The results are threshold friction wind speed on Titan, u*tTitan, and freestream wind speed at height z, u(z)tTitan, as a function of particle density (ρp) and diameter (Dp), and the shear stress at the surface at threshold (τtTitan). Upright font denotes calibration data or informational text. Italic font indicates measured wind speeds or parameters derived from measured wind speeds.

Extended Data Figure 2 A view into the test section with the test plate inserted.

In this photo, the test plate is prepared for an experimental run with silica sand.

Extended Data Figure 3 Close-up views of some wind tunnel elements.

a, View of the downwind end of the test section rolled out from the wind tunnel, showing the single upwind viewing port (far left) and the three downwind viewing ports (top of third port visible on far side of test section). The downwind end of the calibration plate is seen within the test section (lower right), with walnut shell and pneumatic lines visible (traversable pitot tube within test section not visible). b, Oblique view of downstream end of test plate after partial removal from the test section (opening visible at far left) showing the traversable pitot tube assembly (in centre of photo). 100-grit (125 μm-diameter grains) sandpaper, for ensuring development of a representative boundary layer, is visible to the left (upwind side) of the pitot tube assembly.

Extended Data Figure 4 Example plot (at 60% of the maximum rated fan motor speed) of boundary layer data collected with the traversable pitot tube.

a, Data showing that the boundary layer is fully developed with a freestream wind speed, u(z), of 3.35 m s−1 at a height of 1.9 cm. b, Linearized data illustrating how values of roughness height (z0) are derived. Fitting a straight line to the data gives the equation y = 0.00187x − 5.7669 in centimetres. Comparison with equation (5) shows that ln(z0) = −5.7669, such that z0 = 0.003 cm.

Extended Data Figure 5 Plots of experimentally derived threshold fiction wind speeds in the TWT for the Iversen–White and Shao–Lu models.

For each plot, the dashed line represents the nominal model, the solid line shows the model matched to the data using the density ratio term of ref. 8, and the dotted line shows the model fitted to the data (χ2 minimization). For the modified Iversen–White model, we use K = 0.055 g s−2 and n = 2 (following ref. 8; see Extended Data Table 4). This modification makes the interparticle force (Ip) proportional to Dp as in the Shao–Lu model7, thereby facilitating comparison between the two models. The modified Iversen–White model6 is plotted for their equations 5 (0.03 ≤ Re*p ≤ 10) and 6 (10 ≤ Re*p) (see equations (7) and (8) here), with the transition between the two particle friction Reynolds number regimes at 200 μm. The Shao–Lu model7 is plotted for their nominal value for AN (0.0123) and for their lowest value for γ (1 × 10−4 kg s−2) to optimize the fit. The proximity of the models with the density ratio term (solid lines) and the models fitted to the data (dotted lines) indicates the power of the density ratio term to match the models to the data. Horizontal bars indicate the range of grain sizes (Extended Data Table 2). Vertical bars show the standard deviation uncertainty in speed for the number of data points indicated in Extended Data Table 2; see Methods for calculation of uncertainties.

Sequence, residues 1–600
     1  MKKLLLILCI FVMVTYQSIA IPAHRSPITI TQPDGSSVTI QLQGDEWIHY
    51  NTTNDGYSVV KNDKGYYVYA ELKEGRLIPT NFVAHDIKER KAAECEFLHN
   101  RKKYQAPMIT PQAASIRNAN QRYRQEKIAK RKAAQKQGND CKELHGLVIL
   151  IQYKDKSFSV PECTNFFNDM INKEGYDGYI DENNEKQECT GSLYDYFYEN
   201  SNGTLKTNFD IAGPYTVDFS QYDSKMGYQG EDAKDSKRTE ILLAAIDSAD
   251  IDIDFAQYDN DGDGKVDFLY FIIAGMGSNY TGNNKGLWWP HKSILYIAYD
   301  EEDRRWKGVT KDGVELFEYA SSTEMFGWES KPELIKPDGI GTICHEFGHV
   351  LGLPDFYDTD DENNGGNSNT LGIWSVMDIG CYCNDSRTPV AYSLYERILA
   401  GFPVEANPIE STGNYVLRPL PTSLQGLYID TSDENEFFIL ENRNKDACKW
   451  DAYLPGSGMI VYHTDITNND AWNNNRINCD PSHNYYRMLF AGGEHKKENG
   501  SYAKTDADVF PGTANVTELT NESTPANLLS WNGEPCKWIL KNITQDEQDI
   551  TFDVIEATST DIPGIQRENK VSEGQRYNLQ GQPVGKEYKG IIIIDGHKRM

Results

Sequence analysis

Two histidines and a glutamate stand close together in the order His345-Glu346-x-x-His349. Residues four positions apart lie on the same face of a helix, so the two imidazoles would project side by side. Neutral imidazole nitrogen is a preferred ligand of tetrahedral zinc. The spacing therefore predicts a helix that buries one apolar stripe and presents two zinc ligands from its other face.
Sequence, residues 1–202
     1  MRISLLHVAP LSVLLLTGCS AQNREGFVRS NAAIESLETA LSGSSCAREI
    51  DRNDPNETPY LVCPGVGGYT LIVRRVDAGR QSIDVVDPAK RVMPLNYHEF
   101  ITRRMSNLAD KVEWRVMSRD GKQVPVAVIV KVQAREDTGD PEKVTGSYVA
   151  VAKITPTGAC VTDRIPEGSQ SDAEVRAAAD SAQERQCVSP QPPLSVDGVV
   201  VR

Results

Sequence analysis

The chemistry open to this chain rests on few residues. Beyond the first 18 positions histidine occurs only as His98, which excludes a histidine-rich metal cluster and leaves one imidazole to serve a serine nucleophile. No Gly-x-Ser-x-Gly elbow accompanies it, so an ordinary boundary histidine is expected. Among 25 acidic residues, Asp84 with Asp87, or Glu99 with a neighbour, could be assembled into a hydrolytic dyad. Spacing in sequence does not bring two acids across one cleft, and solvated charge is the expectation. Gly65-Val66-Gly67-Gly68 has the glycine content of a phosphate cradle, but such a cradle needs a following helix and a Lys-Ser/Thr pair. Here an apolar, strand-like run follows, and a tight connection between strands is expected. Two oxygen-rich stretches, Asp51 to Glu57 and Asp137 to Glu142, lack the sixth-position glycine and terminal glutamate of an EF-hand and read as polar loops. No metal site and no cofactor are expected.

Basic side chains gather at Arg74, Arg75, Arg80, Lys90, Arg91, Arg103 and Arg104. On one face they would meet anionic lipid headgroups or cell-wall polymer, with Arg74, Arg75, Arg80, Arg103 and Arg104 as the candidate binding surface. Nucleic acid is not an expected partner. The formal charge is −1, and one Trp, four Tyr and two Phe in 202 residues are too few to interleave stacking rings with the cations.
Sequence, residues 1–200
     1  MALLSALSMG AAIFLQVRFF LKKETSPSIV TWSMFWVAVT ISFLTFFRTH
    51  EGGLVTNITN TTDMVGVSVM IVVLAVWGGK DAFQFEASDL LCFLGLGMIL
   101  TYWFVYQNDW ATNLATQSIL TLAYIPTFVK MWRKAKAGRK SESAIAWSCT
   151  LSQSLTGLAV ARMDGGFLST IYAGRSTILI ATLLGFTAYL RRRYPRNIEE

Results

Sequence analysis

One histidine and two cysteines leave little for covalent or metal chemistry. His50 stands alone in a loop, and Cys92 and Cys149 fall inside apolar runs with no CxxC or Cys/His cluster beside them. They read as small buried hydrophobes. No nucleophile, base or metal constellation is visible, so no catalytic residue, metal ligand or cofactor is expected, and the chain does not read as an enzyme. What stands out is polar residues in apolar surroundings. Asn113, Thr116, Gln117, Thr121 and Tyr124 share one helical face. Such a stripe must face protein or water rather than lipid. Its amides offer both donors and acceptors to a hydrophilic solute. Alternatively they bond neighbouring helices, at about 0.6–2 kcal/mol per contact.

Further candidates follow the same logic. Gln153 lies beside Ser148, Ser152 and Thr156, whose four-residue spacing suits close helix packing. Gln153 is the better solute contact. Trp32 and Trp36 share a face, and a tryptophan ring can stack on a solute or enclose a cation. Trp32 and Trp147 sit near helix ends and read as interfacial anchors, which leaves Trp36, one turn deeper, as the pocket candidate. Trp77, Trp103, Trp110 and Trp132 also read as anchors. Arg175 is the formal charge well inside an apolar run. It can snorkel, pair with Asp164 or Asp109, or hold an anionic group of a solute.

Extended Data Figure 6 Plot of the u*t ratios used for converting the u*tTWT to u*tTitan.

See Methods (‘Comparison of u*tTitan with models’) for details.

Extended Data Table 1 Conditions necessary to achieve similitude of kinematic viscosity with the Titan near-surface atmosphere
Extended Data Table 2 Experimental matrix of sediments with 23 unique combinations of particle diameter (Dp) and density
Extended Data Table 3 Description of each stage of grain motion during data collection
Extended Data Table 4 Values for the interparticle force parameters in various formulations of the models used here

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Burr, D., Bridges, N., Marshall, J. et al. Higher-than-predicted saltation threshold wind speeds on Titan. Nature 517, 60–63 (2015). https://doi.org/10.1038/nature14088